Op­por­tu­nity for the North

The Northland Age - - Opinion -

Last week I made an an­nounce­ment with Con­ser­va­tion Min­is­ter Eu­ge­nie Sage that pro­vides a big op­por­tu­nity for the Far North. We an­nounced that the Provin­cial Growth Fund is go­ing to sup­port ef­forts in re­gions like the Far North to rid our forests and farm­lands of preda­tors that prey on na­tive wildlife, par­tic­u­larly nga¯ manu, our na­tive birds.

We are giv­ing $19.5 mil­lion to Preda­tor Free New Zealand 2050, the op­er­a­tional arm for the goal of reach­ing preda­tor-free sta­tus by 2050. They will use that money to fund two things.

Firstly, we are ask­ing them to sup­port large com­mu­nity-led preda­tor erad­i­ca­tion projects in ar­eas that are high pri­or­i­ties for par­tic­u­lar re­gions.

These will be man­aged by re­gional or lo­cal gov­ern­ment, iwi, hapu¯, com­mu­nity groups or part­ner­ships made up of these groups and or­gan­i­sa­tions.

Preda­tor Free New Zealand 2050 is al­ready sup­port­ing large-scale preda­tor erad­i­ca­tion projects in dif­fer­ent parts of the coun­try, in­clud­ing the most am­bi­tious, in Taranaki, which aims to make the whole prov­ince preda­tor-free by 2050.

The PGF money will not pay all the costs of a project, but will pro­vide sig­nif­i­cant sup­port, along with fund­ing from re­gional and lo­cal gov­ern­ment, iwi, hapu¯, com­mu­nity groups and the pri­vate sec­tor to rid the project area of preda­tors.

Preda­tor Free New Zealand will be seek­ing ex­pres­sions of in­ter­est in projects that can be sup­ported with this money. They can be con­tacted at www.preda­tor­freenz. org.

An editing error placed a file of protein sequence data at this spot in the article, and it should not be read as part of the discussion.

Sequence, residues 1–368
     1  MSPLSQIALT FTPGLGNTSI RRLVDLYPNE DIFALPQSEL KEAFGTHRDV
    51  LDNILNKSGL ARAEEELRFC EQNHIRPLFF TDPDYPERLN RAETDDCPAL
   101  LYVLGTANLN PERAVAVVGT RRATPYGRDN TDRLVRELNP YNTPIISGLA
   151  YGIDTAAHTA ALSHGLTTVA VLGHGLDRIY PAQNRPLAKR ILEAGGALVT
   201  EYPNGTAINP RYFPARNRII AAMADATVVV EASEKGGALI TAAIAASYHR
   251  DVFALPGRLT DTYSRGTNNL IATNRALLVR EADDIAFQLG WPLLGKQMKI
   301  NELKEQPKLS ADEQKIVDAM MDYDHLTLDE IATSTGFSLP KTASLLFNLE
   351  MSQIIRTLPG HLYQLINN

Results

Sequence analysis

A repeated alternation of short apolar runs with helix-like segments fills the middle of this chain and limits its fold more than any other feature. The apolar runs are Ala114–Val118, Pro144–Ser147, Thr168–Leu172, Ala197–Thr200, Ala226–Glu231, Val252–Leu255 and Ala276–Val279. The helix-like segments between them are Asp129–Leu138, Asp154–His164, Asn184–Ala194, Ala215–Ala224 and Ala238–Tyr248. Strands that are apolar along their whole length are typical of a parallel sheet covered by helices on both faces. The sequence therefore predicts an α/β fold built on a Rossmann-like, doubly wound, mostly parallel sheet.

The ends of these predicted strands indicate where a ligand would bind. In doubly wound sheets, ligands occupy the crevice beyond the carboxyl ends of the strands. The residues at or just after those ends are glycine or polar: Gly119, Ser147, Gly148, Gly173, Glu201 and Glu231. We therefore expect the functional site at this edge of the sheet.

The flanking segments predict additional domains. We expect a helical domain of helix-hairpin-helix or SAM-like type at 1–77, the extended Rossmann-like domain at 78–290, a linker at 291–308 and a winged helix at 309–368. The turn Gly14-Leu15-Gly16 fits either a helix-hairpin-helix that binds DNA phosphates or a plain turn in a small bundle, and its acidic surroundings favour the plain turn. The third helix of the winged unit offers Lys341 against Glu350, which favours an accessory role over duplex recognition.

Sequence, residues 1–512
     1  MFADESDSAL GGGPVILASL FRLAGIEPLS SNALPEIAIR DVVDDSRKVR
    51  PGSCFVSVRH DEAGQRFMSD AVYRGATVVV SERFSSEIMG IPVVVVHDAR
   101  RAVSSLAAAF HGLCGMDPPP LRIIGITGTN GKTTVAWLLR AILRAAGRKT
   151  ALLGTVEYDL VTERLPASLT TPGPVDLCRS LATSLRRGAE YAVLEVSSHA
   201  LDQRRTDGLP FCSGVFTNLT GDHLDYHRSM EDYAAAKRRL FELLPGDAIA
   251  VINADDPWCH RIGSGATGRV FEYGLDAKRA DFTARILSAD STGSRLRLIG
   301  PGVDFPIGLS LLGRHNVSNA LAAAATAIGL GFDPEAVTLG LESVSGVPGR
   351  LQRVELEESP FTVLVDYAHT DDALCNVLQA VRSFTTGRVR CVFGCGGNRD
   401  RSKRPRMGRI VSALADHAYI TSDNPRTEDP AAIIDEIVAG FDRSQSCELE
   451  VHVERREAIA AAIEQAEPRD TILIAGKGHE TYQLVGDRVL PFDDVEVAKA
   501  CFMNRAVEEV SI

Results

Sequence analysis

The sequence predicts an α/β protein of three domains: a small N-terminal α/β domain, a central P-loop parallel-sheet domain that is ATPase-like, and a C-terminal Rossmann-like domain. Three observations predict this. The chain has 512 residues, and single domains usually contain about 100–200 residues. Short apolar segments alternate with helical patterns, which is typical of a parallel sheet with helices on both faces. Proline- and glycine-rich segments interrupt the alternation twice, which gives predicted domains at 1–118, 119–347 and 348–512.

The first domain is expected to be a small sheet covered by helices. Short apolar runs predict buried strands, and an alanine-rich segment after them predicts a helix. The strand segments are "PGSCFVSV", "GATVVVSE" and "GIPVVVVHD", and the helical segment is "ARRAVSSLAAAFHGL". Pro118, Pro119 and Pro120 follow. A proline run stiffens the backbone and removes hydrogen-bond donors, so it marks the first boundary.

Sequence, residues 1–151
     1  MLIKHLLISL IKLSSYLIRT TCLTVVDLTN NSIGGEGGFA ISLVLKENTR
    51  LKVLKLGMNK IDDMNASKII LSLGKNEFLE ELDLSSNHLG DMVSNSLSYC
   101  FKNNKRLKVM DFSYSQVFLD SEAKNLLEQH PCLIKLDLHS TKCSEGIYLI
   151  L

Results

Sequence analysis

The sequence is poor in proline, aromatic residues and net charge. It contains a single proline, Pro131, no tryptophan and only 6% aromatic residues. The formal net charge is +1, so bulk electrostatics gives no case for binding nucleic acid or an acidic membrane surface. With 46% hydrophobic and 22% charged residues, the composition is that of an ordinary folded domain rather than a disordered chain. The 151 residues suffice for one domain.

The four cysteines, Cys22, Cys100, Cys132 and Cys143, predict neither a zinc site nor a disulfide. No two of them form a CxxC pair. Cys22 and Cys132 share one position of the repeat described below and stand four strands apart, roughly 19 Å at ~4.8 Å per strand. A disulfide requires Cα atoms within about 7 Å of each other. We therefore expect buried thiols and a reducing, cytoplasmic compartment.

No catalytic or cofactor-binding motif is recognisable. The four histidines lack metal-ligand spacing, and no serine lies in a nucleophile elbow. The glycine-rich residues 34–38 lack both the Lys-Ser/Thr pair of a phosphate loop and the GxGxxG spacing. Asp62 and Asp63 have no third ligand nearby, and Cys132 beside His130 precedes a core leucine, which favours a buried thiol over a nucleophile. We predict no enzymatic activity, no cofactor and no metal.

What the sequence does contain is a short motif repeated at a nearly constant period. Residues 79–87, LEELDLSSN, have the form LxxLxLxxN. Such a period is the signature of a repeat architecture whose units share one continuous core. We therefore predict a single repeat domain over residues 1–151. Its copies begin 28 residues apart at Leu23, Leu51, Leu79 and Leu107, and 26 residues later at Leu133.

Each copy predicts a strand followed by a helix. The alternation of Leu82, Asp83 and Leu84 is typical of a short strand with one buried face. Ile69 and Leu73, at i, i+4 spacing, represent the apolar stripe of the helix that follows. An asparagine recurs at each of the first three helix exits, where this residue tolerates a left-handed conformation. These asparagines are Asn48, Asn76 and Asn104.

Se­condly, the money from the Provin­cial Growth Fund will be used to sup­port in­no­va­tion in preda­tor con­trol. Be­cause we have had to con­front ma­jor prob­lems with preda­tors, New Zealand is a world leader in find­ing tools that can erad­i­cate them. We want this re­search ex­tended.

My col­leagues and I in New Zealand First are ex­cited by this, be­cause new ap­proaches will al­low us to re­duce the use of 1080. Once an area has been cleared of rats, stoats and pos­sums us­ing 1080, preda­tor­free sta­tus can be main­tained with­out its on­go­ing use.

This chem­i­cal has been and will con­tinue to be a very valu­able tool to help us pro­tect our bird life, but we are also aware that some mem­bers of our com­mu­nity op­pose its use. This fund­ing boost will give even more mo­men­tum to our de­vel­op­ment of so­phis­ti­cated tools that can com­ple­ment the use of 1080 and, over time, re­duce our need to use this tool for some pur­poses.

We ex­pect the re­gions that can de­velop projects to at­tract fund­ing will see large ar­eas be­come preda­tor-free. And new meth­ods of erad­i­ca­tion and on­go­ing con­trol will ex­tend the num­ber of tools in the tool­box we use to re­gen­er­ate the na­tive plants and wildlife that are a cen­tral part of our iden­tity.

The op­por­tu­ni­ties this in­fu­sion of sup­port from the Provin­cial Growth Fund pro­vides must be taken se­ri­ously by the Far North.

"We ex­pect the re­gions that can de­velop projects to at­tract fund­ing will see large ar­eas be­come preda­tor­free."

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